MassMEDIC Supports Legislation Requiring Patients to Provide Written Consent Before a Reprocessed SUD is Used in Their Medical Procedure

BOSTON -- While concerns over infections during hospital stays are on the rise, many patients are unaware that the medical devices used in their procedures may have been previously used on other patients. Single-use medical devices, including those that pierce the skin or enter the body or bloodstream, are often reprocessed and used again on patients without their consent. The Massachusetts Medical Device Industry Council (MassMEDIC) today announced its support for Senate Bill 1321 which would inform patients about the potential safety risks of reprocessed single use devices and give them the opportunity to reject the use of these devices in their medical procedures.

"Under Massachusetts law, an individual must provide consent if an aftermarket part is used in their vehicle but they are not required to provide consent if a reused medical device is used in their body," said Tom Sommer, president of MassMEDIC. "While hospitals use reprocessed devices primarily in an effort to cut costs, this savings may come at the price of jeopardizing patient safety. We believe that patients should have the right to make informed decisions about the medical care that they receive to protect themselves from unnecessary risk."

Single-use medical devices (SUDs), such as surgical saw blades, angioplasty catheters, and endotracheal tubes, are manufactured and designed for use on a single patient. After that they are considered medical waste. But increasingly, commercial reprocessors are cleaning and sterilizing these devices and selling them back to hospitals for reuse on patients. Since many SUDs have unique features that make them difficult to clean and provide a surface on which blood, tissue and other organic matter can accumulate, reuse of these devices can place patients at risk for contamination and infection, specialists say. In addition, reprocessing can seriously compromise the structural integrity of some SUDs, increasing the potential for injury.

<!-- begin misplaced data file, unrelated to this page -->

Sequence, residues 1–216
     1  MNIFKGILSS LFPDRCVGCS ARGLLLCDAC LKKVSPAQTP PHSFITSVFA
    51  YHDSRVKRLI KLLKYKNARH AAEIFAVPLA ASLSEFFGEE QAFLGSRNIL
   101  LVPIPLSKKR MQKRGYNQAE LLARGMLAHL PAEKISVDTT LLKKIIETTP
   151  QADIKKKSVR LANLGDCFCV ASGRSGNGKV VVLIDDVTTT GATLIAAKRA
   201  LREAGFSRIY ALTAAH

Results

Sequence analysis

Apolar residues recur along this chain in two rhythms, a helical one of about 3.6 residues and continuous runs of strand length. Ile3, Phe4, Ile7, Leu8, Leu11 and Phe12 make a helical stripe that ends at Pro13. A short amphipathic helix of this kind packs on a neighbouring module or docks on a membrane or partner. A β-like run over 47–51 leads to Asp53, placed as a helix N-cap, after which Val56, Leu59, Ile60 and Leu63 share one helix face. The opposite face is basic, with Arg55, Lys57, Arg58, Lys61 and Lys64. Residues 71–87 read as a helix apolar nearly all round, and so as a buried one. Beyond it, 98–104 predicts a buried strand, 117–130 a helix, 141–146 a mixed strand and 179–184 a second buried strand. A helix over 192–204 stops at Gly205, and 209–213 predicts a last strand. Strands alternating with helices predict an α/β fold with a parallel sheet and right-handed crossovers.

Senate Bill 1321, An Act Relative to a Patient's Right to Know of the Reuse of Certain Medical Devices Manufactured for a Single Use, is the first informed consent legislation in the U.S. for reprocessed SUDs. The bill requires patients to provide written consent prior to having a reprocessed SUD that pierces the skin or that enters the body or bloodstream used in their medical procedure; requires hospitals to develop tracking systems that provide health care professionals and patients with information on reprocessed SUDs; and requires reprocessors to assume sole and complete liability for the safety and effectiveness of the reprocessed device.

A hearing for Senate Bill 1321 is taking place before the Joint Committee on Public Health today in the State House. The bill is sponsored by Senator Susan C. Tucker (D-Andover) and co-sponsored by Representative John W. Scibak (D-South Hadley), Representative Joyce A. Spiliotis (D-Peabody), and Senator Steven A. Tolman (D-Brighton).

The Massachusetts Medical Device Industry Council, an organization of 335 manufacturers, suppliers, research institutions, and academic health centers, promotes the unique interests of the Bay State's growing and vibrant medical device sector. Through a variety of programs, informational seminars, advocacy campaigns and other projects, MassMEDIC provides medical device manufacturers and suppliers with information on industry trends and regulatory policies, and creates forums that allow members to exchange ideas and information on issues affecting the industry.

Source: MassMEDIC